Monday, March 21, 2016
Thoughts About City State Independence Within an Alternative to Capitalism
As I have stated before, my view of an alternative to Capitalism starts with the notion of a federation of semi-independent city states. The idea here is to turn things around from what we've been doing, as in specialized workers each playing their part in manufacturing, or services, so that various items can be made available for purchase, to a model where we use a mix of automation, and our own involvement to create all of the basic items that end use products come from. From there, instead of going to a store to purchase an end use item, you would utilize your share of basics produced to build your own end use item. You would have that share of basics because you participated in your city's maintenance and management operations.
The idea, in that arrangement, would be that a city would determine all of the tasks it would take to keep its various systems functioning. It would then group these by type, difficulty, and desirability. Every citizen would then be required to select some number of tasks from each of these groups, with each city making its own determination on the specifics therein. For our discussion here let's say it was something between six and a dozen, and further that you had to have at least one in every group. You would then rotate through that list of selected tasks, spending at least a week in each. The result would be a citizenry fully engaged with not only all aspects of what keeps a city functional, but with everyone working with each other, on a continually changing basis, and nobody left stuck doing one or another of the least desirable tasks.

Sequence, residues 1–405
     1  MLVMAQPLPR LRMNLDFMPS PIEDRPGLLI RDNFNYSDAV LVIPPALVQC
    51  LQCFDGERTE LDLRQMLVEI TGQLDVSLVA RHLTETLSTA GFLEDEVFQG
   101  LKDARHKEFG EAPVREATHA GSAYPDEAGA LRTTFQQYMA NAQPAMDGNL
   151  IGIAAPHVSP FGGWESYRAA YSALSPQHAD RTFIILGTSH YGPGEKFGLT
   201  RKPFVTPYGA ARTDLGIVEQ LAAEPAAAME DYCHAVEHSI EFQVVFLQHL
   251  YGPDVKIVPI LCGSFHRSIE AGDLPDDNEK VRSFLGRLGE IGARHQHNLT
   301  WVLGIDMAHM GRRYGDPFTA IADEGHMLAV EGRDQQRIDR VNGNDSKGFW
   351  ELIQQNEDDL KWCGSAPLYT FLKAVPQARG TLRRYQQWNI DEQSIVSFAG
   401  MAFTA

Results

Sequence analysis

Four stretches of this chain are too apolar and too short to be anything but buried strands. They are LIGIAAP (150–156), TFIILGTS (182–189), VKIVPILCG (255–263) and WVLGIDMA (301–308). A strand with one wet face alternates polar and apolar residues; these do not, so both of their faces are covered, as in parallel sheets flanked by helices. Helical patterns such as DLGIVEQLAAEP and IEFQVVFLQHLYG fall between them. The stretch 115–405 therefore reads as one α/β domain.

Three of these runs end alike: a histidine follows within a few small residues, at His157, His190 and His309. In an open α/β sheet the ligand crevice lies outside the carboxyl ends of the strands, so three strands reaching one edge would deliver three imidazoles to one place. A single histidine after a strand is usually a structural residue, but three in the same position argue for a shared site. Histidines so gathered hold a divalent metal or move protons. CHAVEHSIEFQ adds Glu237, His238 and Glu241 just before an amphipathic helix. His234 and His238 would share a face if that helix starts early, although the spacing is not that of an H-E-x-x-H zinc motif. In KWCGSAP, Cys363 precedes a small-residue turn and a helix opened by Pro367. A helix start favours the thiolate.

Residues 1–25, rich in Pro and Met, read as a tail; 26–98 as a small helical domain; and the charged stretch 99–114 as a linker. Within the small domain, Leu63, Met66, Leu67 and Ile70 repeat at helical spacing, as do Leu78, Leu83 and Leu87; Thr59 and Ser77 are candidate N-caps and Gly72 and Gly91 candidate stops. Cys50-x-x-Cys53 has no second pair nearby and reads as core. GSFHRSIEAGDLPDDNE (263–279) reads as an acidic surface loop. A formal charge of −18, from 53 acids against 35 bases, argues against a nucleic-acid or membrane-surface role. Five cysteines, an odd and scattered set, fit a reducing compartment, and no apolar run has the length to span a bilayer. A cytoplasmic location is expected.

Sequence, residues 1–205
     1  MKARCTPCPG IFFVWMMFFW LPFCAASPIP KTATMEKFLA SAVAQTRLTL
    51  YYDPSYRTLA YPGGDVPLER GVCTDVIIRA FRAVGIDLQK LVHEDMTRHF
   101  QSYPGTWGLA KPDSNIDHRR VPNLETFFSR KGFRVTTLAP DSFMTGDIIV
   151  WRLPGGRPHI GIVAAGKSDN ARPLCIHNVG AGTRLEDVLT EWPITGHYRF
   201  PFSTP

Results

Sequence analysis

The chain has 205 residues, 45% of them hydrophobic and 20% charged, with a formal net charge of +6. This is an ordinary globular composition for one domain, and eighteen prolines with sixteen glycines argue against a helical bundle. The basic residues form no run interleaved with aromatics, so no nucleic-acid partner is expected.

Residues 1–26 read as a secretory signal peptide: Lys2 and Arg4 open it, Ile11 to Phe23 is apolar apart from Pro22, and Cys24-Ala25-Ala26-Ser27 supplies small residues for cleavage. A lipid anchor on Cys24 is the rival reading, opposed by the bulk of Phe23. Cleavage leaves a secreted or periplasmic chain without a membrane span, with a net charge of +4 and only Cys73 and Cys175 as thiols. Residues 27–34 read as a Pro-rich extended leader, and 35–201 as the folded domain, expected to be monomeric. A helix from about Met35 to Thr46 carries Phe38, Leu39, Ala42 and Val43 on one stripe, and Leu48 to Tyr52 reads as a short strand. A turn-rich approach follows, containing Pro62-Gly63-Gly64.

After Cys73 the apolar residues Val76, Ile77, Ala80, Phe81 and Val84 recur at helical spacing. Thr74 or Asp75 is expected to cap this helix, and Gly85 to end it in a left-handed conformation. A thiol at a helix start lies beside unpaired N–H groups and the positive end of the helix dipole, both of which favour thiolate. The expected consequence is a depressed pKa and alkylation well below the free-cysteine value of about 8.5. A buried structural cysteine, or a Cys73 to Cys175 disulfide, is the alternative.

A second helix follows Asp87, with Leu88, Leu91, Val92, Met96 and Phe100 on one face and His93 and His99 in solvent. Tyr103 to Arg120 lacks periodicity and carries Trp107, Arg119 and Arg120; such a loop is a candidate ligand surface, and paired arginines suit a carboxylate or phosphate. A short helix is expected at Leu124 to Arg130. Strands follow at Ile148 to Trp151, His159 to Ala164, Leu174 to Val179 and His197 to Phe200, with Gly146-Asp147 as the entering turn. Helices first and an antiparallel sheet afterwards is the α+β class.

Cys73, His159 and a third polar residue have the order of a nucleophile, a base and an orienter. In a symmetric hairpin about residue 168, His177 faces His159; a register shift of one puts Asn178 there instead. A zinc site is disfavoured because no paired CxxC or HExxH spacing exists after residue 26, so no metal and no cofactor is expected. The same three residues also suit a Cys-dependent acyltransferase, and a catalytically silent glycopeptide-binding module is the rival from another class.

What does it mean, however, when one indicates an at least semi independent city?
In this each city would strive to produce as much of its own basics as it possibly could, knowing of course that complete independence might never be possible; and in this a lot of what would be required would be obtainable from the recycle of what is already there, but certainly not all. At the end of the day each city would have to identify something that they could produce in excess that other cities might need, and for which trade arrangements could be established. One area, however, that each city may not have to worry about, whether they had farmable land (in the ordinary sense) or not is food, and I say this because some remarkable creativity has been demonstrated in recent years on how to grow crops indoors. And in that regard it's not a question of acres under the sun, and favorable growing seasons, but one of enclosed space and energy. I have already described how hydrogen can be created relatively effort effectively, that leaves where you do it. And in that a city could either build up, or dig down.
The question then becomes: what do you put in these spaces to obtain the best results per cubic meter. For that one simply needs to search on "rotary rack, indoor farming," or "large scale indoor farming," to get a place to start from. Just check it out for yourself.
Some Link Examples: